At Pathways we often have visitors, and we realised recently that many people do not know that the cross on our logo is actually a real place which is a significant landmark for our community.
The 58m high chalk cross is situated on the Pilgrim's Way, on the slopes of the ridge above the A20. It is an eye-catching design cut into the hillside, forming a striking image against the green fields surrounding it.
In 1922 a collection was held to build a memorial for the 42 men who died during the first world war. The cross was designed by Mr C.H.Groom, headmaster of the village school. There was also a granite stone with the names of the men, which was moved to the churchyard in 1977. The eye catching cross was a problem during the second world war, and was filled in during that time to prevent the Luftwafte using it to navigate.
The cross now serves as a memorial to those who died in both the first and second world wars.
For us as a church, it is wonderful to have such a striking reminder of Jesus directly above the community centre where we meet. It makes for great photos, and is a fantastic place to meet and pray over the community. On a clear day, from the top of the cross, it is possible to see across Kent as far as the south downs.
As well as remembering those who died in the war, we look to the cross to remind ourselves that Jesus Himself died for our community.
Jesus gave His life as the ultimate sacrifice so that we could all have lives filled with freedom and purpose. Jesus is the head of the church, and we would not exist if He hadn't called us to be here. It is His life and presence with us that gives us hope for our community.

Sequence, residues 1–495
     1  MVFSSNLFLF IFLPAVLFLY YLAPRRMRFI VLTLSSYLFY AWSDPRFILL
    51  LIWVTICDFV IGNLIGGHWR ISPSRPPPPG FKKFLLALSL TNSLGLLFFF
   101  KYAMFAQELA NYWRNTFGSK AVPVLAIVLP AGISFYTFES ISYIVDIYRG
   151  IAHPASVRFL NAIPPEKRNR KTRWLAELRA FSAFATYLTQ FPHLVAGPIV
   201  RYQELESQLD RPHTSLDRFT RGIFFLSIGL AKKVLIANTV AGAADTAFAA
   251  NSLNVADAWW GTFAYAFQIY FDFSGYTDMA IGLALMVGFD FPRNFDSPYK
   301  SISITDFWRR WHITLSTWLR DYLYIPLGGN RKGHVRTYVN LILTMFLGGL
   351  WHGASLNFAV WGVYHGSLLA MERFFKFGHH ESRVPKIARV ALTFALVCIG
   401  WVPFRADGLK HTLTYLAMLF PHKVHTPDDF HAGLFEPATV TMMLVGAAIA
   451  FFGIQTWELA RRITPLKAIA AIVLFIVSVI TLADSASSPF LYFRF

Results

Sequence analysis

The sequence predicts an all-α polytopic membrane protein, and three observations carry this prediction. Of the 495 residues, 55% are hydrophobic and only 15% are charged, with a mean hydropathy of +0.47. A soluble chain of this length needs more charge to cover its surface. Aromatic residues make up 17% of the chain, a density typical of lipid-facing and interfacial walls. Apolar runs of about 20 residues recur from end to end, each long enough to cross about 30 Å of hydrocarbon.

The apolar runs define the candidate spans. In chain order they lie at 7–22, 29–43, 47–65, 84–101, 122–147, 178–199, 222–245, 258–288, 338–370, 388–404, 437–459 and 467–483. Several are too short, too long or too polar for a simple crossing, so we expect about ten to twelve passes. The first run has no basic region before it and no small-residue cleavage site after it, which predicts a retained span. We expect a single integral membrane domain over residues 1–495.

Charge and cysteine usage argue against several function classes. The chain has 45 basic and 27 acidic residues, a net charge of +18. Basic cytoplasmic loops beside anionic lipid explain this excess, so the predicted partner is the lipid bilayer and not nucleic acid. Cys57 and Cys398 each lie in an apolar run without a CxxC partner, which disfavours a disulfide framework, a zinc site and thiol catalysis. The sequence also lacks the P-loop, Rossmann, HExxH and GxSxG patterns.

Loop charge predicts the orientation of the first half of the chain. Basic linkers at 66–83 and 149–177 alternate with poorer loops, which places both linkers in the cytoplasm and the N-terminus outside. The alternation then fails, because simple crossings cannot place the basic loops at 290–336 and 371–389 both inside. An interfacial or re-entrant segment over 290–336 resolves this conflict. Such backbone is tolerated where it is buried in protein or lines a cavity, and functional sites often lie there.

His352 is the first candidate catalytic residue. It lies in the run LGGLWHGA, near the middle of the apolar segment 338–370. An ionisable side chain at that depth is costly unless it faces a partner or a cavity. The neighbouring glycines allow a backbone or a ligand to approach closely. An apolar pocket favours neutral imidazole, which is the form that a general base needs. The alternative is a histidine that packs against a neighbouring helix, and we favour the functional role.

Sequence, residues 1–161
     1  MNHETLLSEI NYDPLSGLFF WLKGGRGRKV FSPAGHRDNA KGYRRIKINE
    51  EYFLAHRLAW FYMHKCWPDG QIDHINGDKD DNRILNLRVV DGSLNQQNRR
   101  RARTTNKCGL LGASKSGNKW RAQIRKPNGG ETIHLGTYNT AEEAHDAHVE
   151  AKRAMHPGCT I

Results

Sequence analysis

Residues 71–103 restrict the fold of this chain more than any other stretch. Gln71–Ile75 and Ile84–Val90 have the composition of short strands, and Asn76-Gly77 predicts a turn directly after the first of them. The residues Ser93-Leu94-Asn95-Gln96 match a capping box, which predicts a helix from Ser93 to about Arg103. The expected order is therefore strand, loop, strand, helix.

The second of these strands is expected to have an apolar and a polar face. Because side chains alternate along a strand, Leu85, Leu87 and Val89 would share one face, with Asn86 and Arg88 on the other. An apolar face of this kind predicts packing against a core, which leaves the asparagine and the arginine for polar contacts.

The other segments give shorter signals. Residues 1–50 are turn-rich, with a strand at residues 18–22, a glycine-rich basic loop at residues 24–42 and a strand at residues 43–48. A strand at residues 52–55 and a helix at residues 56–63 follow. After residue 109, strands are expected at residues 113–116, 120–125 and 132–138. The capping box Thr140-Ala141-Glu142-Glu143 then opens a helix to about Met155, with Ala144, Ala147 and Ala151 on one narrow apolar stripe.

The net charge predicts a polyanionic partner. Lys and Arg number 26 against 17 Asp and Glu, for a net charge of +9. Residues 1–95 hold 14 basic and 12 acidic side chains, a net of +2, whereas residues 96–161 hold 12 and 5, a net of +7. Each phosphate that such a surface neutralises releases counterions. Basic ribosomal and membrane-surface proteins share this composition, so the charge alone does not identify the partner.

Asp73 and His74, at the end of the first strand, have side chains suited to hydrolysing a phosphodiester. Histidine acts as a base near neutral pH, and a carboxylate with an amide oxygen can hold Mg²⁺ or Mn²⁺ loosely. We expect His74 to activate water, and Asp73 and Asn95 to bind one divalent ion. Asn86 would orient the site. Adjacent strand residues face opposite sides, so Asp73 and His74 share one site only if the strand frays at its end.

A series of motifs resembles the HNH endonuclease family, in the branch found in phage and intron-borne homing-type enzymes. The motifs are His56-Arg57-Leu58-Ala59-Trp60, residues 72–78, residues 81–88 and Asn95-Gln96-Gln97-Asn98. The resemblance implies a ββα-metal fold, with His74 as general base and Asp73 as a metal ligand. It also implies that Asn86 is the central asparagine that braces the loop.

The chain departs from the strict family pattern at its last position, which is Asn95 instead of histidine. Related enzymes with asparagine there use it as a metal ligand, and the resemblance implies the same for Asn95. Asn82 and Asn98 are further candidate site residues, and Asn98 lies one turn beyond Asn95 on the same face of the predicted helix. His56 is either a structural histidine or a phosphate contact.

Greater love has no one than this: to lay down one’s life for one’s friends. John 15:13
Recently a few of us joined with others from our community to clean the cross and pull out the weeds that constantly attempt to grow on it. It was hard work in the hot sun, but it seems a small sacrifice for us compared to everything it stands for. Afterwards it was gleaming white in the summer sun. This is a reminder that 'weeds' can so easily creep into our lives and we can forget what is really important.
Let us look to the chalk cross as a reminder to always keep Jesus at the centre of our church and our lives. Let us regularly allow Him to search our hearts and remove the weeds of sin and distractions from our life so that we can shine brightly for Him.
By Jenny Needham
The Lenham United Reformed Church building in Maidstone Road closed its doors in 2013 and has now been knocked down to make way for new housing. The final URC minister was Rev Andrew Mills who many will remember for the numerous childrens holiday clubs he led.
The photograph shown here was taken in 2012, sixty years from the date the building was erected and 350 years from the date that the Reverend Thomas Shewell founded the first independent church movement in Lenham in 1662.